by Bryan Kirschner on April 24, 2007 03:49pm
At the MySQL Conference and Expo 2007, technical experts from Microsoft and MySQL are here demonstrating a number of technology projects that give customers more choice when deploying MySQL on Windows. In fact, MySQL and Microsoft work together on a number of applications, including ADO.NET provider Interop, and a Visual Studio plug-in that enables developers to access MySQL data directly from VS.
If this is a surprise, a good way to understand why we’re working together in this way is to look at the most popular sport in the world—football (what the U.S. calls soccer). Football is often referred to as “the beautiful game.” Despite the fact that every team wants to compete and win, and many teams have fierce, ongoing rivalries, all teams share common ground in the value of playing a “beautiful game.” If football maintains its unique appeal compared to other sports, it will continue to attract more fans, generating more opportunity for an ecosystem of business partners and investor, and thus more opportunity for current and aspiring players. By virtue of being part of this broad ecosystem, each individual player on each team steps onto the pitch with a part to play in the future of global sport
Customers as Common Ground...
As commercial software companies, MySQL and Microsoft share substantial common ground. Marten Mickos, MySQL’s CEO once told The Economist that their centralized staff of developers enables them to maintain governance of the code and “go to the commercial users of the product and guarantee the product.” Explaining, “You could say that this is what they pay for.”
I would take this a step further: it is not only about developers and code. What commercial software companies offer extends to all the people at both companies who come to work every day cognizant of their role in a broad global ecosystem, and accepting that their job is that much harder (and potentially more rewarding) because of the challenge of playing a “beautiful game.” I and my counterparts, Gerardo and Reggie, and our respective colleagues come to work thinking both about supporting our company’s centralized development processes and enabling participation from a broad community of volunteers and business partners. Or the relationship between our investors and shareholders and our employees and business partners. Or the relationship between our customers and our competitors who may share those same customers.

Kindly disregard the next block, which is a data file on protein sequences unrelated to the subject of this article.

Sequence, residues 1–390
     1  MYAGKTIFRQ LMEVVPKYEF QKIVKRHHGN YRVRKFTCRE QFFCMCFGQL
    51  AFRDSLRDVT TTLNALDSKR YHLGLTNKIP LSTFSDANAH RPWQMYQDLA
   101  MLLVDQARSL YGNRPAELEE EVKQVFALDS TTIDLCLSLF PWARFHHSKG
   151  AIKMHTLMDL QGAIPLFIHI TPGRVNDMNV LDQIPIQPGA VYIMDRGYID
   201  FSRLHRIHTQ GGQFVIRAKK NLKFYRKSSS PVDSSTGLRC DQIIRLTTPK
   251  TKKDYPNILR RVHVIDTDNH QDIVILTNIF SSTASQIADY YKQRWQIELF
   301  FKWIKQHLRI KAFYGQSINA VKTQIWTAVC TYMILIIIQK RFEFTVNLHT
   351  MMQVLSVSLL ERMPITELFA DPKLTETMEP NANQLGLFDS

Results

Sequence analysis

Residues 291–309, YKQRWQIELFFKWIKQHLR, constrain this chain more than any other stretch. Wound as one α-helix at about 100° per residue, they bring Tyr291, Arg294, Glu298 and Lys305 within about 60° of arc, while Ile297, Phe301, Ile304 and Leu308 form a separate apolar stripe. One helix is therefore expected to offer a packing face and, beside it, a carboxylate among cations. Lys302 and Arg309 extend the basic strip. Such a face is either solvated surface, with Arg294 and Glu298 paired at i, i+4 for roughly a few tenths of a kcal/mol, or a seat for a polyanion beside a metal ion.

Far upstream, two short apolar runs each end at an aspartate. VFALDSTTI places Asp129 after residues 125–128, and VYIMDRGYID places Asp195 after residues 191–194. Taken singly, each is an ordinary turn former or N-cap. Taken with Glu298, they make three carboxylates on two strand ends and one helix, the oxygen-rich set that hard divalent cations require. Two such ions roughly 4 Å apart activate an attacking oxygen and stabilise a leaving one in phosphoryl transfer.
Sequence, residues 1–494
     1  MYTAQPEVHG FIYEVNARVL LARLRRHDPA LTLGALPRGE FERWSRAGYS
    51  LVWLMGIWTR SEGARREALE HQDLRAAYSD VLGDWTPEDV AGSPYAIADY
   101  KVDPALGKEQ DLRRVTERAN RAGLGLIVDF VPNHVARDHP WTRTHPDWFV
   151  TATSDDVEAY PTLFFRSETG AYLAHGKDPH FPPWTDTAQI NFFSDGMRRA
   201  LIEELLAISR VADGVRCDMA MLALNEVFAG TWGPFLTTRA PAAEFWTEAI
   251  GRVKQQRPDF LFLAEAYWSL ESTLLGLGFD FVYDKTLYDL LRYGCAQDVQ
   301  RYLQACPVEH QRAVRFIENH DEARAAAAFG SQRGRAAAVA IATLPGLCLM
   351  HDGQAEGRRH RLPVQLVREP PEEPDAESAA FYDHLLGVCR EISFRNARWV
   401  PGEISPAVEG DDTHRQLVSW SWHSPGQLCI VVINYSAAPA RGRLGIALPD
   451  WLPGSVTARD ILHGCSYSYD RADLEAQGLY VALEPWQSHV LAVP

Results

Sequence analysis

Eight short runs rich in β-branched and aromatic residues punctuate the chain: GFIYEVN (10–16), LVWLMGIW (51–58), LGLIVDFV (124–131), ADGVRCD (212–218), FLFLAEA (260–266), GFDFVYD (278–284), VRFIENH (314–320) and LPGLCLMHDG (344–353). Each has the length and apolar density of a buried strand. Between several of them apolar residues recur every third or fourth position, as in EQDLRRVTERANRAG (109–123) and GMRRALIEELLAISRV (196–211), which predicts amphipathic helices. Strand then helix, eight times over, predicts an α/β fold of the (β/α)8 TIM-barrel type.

Everyone shares a desire for “their team” to succeed—but this type of intelligence and competition is a long way from myopic, zero-sum conflict. And it fosters a diverse and sometimes unpredictable world of opportunities.
Comingling, as Far as the Eye Can See
Particularly in light of a history (of often overly simplified) rhetoric in the market about “proprietary versus open source” business models, I would guess many people would not have predicted they would see a demonstration of MySQL and Microsoft interoperability before they walked into the conference hall. In fact as I walk around the conference hall, I am reminded of the an excellent book—Perspectives on Free and Open Source Software—in which MIT Professor Michael Cusumano closes the Foreword with this statement:
The conclusion I reach from reading this book is that the software world is diverse as well as fascinating in its contrasts. Most likely, software users will continue to see a comingling of free, open source, and proprietary software products for as far as the eye can see.
I confess I am not sure what I’ll see here next year—but I confident that with [Gerardo and Marten Mickos and Bill Hilf and] we will continue to compete in a “beautiful game”—and I anticipate we will continue to favorably surprise everyone who walks in the door.